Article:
MUP/PLE lecture series
This event took place on Friday 01 July 2011 at 14:00
This talk is about some core objects encountered in PLEs that can cause or even foster learning. Literature on PLEs often reports the features every PLE share. The following are worth mentioning among the most frequently reported: personalisation and malleability of the learning environment, its suitability for both formal and informal learning, focus on learner. Literature sometimes also reports the dimensions upon which any PLE can be analysed (Palmér et al., 2009; van Harmelen, 2006) or which processes are fostered in learning (Henri, Charlier & Limpens, 2008). Since reporting these features is sound from a technical viewpoint (even though problematic for some researchers, see Fiedler & Väljataga, 2010), they seldom are psychologically grounded and the question of how and why they can help or even trigger learning can be posed.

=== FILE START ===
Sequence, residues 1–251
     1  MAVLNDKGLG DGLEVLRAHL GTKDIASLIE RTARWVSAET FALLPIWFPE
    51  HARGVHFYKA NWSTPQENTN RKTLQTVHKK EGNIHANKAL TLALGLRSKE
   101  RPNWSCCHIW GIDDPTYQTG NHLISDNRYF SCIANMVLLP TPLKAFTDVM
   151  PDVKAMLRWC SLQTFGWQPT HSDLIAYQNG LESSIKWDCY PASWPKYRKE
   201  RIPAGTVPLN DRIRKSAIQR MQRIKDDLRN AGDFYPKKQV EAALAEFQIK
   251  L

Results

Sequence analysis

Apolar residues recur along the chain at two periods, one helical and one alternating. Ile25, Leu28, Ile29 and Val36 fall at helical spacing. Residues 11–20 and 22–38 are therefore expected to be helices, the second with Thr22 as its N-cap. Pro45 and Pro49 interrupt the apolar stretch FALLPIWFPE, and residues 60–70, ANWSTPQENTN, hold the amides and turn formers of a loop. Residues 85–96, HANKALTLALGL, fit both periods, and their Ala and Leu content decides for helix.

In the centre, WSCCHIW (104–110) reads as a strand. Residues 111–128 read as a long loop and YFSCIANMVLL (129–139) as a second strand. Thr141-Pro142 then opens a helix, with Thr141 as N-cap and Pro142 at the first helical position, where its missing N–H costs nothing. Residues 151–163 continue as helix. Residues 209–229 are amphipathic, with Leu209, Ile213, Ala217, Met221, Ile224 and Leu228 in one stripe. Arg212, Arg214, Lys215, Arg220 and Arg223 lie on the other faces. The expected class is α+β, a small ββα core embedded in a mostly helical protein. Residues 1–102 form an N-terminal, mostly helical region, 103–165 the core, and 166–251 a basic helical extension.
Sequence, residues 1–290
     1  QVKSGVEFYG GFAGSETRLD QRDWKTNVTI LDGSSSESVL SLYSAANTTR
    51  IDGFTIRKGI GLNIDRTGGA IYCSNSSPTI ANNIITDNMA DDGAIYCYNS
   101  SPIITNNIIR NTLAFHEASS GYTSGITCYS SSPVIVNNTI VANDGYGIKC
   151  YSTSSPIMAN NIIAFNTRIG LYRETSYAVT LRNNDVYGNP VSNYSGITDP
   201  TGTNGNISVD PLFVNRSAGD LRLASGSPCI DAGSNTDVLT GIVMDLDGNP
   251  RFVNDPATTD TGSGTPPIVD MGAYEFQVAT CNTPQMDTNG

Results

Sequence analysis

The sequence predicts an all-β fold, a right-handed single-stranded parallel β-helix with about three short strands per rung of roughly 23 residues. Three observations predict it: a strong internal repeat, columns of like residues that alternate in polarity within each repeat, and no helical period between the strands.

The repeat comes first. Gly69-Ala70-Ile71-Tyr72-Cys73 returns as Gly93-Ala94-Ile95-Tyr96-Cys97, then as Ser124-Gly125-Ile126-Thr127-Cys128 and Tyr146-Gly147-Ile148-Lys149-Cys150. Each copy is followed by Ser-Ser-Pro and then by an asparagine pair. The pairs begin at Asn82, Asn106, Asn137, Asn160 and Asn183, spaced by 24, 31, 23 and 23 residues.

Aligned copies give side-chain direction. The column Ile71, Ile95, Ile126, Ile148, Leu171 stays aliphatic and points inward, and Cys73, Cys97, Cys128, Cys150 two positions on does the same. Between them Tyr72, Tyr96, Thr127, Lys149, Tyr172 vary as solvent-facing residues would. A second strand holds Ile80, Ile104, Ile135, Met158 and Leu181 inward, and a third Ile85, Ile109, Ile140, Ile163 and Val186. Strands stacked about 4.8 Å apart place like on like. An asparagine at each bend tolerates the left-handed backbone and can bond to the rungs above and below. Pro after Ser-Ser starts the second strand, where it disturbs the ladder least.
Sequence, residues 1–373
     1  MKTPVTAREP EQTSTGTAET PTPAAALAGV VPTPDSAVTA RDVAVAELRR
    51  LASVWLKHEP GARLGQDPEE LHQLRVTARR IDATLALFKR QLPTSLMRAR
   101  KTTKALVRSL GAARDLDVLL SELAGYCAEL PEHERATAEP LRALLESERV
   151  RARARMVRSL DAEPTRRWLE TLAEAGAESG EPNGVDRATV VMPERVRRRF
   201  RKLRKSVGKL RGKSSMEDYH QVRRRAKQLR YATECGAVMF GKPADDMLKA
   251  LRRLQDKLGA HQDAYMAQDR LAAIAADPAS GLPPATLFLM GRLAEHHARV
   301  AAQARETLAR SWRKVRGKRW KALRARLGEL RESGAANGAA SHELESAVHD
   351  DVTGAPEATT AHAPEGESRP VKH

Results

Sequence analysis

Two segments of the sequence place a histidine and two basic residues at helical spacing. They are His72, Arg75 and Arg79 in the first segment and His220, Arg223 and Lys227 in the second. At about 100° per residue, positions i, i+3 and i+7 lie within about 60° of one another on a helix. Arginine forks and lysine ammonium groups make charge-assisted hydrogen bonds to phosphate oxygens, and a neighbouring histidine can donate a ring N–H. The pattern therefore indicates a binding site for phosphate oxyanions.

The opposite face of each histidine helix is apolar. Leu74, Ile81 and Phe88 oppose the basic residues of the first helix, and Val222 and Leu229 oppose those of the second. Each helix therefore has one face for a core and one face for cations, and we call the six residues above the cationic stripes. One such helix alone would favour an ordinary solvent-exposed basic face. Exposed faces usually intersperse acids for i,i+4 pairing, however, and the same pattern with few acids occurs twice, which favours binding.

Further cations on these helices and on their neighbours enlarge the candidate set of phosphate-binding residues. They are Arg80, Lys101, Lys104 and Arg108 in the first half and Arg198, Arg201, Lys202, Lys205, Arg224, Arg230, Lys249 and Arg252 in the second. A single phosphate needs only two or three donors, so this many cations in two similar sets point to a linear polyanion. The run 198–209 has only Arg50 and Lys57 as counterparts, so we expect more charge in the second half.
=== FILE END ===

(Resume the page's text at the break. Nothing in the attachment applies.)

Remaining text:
This talk will address this question: to which extent a PLE can mimic some core activities involved in teaching, and through which functions or objects? In so doing, the view is not purely technical or functional but psychological. In a nutshell, a PLE that fosters learning enables learners:1/ to be engaged in several activity loops whose main goal is exhibiting some material for learning purposes,2/ in so doing, to realize explicitly or more implicitly, the gap between their actual state (epistemic or social) and their expected state (e.g., what what remains to be learned, with whom to interact);3/ in parallel, to have the opportunity to contradict (or at least negotiate) the feedback if it appears to be non-optimal, either from an epistemic or social viewpoint.
The very specific combination and learners’ involvement or awareness on these three objects fosters learning. The talk is threefold: the presentation in more depth of the three objects, the illustration of these notions through some systems designed in our lab, and the listing of design principles for new PLEs to emerge from this view (Dessus, 2009). Beyond the explosion of PLE features, due to ever-growing research progresses lies the problem of their complexity and possible non-use (Norman, 2011). Grounding the design and development of PLEs with psychology-oriented principles may prevent this problem.
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